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Article from New Trees by John Grimshaw & Ross Bayton
'Acer duplicatoserratum' from the website Trees and Shrubs Online (treesandshrubsonline.
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Small tree, ultimate height unknown. Branchlets covered with white pubescence, later glabrous. Leaves deciduous, 2.3–5.5 × 3–8 cm, palmately five-lobed to nine-lobed up to half-way to the base, both surfaces covered with rough, white hairs, margins sharply double-serrate, lobe apex acuminate; petiole 1.5–5 cm long, pubescent. Inflorescence corymbose, densely pubescent. Flowers small, staminate or hermaphrodite; sepals five, purplish, ovate to lanceolate, petals four, white, ovate to orbicular, stamens four. Samaras 2–3 cm long, yellowish brown when mature, wings spreading obtusely. Flowering April, fruiting September (Taiwan). Van Gelderen et al. 1994, Xu et al. 2008. Distribution TAIWAN. Habitat Deciduous forest between 1000 and 2000 m asl. USDA Hardiness Zone 6. Conservation status Vulnerable, due to overharvesting and poor regeneration. Cross-reference K90 (as A. palmatum var. pubescens). Taxonomic note Acer duplicatoserratum var. chinense C.S. Chang occurs in mainland China (Anhui, Fujian, Guizhou, southern Henan, Hubei, Hunan, Jiangsu, Jiangxi, Shandong, Zhejiang); the petioles are pubescent when young, but later become glabrous (van Gelderen et al. 1994, Xu et al. 2008).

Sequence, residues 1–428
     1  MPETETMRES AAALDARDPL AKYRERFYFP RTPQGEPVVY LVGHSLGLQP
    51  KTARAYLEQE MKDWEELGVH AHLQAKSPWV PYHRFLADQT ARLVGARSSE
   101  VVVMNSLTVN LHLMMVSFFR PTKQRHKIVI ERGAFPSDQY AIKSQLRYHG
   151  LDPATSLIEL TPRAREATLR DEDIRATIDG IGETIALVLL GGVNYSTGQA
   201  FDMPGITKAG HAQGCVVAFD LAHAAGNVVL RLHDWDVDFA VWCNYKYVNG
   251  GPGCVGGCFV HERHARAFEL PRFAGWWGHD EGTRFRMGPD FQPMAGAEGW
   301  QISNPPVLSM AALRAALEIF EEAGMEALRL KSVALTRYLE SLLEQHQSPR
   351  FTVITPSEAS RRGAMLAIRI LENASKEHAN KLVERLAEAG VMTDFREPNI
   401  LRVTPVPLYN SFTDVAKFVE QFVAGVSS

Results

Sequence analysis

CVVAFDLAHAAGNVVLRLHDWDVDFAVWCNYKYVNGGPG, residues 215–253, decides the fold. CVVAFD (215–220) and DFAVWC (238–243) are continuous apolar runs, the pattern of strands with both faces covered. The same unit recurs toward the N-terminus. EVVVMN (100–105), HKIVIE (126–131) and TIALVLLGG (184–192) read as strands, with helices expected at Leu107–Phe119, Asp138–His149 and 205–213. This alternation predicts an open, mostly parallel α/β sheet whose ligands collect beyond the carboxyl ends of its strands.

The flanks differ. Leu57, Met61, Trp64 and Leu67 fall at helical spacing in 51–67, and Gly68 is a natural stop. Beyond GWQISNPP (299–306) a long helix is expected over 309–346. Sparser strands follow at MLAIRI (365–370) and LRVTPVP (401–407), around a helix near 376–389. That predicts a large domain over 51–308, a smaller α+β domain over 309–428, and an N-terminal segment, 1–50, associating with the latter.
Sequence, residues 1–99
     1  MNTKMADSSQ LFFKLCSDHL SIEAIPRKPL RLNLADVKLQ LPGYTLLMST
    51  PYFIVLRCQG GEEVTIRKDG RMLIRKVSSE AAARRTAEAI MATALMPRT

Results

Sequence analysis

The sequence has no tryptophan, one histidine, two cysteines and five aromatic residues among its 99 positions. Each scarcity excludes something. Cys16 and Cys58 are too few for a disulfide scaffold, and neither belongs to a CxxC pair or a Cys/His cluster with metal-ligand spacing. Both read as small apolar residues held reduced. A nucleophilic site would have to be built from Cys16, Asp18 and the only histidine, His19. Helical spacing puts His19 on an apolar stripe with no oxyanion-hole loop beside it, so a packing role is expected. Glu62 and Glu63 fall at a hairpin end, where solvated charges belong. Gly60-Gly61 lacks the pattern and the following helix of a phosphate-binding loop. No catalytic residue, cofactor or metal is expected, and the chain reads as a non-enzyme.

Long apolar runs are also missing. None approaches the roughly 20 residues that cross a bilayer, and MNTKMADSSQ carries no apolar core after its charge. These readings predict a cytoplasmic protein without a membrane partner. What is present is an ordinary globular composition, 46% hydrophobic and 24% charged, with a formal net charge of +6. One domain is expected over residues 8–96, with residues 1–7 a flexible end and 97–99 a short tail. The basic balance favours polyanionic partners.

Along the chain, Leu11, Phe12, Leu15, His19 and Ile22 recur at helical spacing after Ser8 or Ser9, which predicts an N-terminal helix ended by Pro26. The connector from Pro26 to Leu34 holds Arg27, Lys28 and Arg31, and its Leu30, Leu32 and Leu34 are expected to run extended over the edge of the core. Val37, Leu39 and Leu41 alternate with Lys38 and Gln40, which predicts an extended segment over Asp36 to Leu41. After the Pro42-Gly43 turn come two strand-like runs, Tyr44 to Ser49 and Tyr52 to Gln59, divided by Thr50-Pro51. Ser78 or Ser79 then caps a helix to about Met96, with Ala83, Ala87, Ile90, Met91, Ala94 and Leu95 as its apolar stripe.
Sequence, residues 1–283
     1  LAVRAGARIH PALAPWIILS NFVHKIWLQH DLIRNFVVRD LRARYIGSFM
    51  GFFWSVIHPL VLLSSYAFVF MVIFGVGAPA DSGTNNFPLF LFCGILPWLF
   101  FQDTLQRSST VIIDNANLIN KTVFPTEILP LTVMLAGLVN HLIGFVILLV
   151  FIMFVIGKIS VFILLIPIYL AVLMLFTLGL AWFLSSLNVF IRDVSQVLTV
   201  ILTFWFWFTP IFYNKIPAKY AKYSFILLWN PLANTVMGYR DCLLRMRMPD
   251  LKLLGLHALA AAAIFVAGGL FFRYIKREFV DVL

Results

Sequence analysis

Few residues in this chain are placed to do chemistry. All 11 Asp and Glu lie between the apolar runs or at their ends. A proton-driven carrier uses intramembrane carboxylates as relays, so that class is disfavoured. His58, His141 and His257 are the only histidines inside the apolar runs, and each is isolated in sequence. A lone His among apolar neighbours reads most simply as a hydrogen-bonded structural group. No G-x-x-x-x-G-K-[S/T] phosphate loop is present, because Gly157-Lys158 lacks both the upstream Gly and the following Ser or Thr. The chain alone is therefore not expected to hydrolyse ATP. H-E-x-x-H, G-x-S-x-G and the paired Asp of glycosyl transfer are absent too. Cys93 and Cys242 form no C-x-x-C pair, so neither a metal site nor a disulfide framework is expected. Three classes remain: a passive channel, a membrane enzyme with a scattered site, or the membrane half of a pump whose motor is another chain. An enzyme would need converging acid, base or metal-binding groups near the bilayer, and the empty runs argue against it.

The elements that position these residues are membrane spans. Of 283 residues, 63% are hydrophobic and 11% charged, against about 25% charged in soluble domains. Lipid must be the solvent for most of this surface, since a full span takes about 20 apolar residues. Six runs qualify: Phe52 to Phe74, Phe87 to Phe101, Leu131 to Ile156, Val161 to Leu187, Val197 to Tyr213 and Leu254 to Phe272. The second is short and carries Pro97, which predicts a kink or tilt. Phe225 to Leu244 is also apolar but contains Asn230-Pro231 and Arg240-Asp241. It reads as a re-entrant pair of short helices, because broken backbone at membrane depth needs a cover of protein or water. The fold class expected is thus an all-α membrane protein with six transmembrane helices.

A member of the Acer palmatum complex, A. duplicatoserratum is distinguished from its relatives by its pubescent shoots and leaves, but otherwise looks very similar to A. palmatum. It is rare both in the wild and in cultivation, although it ought not to be particularly challenging to grow. Trees from both Taiwan (from Edward Needham’s 1998 collection EN 0036) and Zhejiang in mainland China (SBG 303, 1996) are cultivated at Tregrehan, where they have been slow-growing (T. Hudson, pers. comm. 2007). There are some differences between these two stocks, but this needs investigation as the trees mature.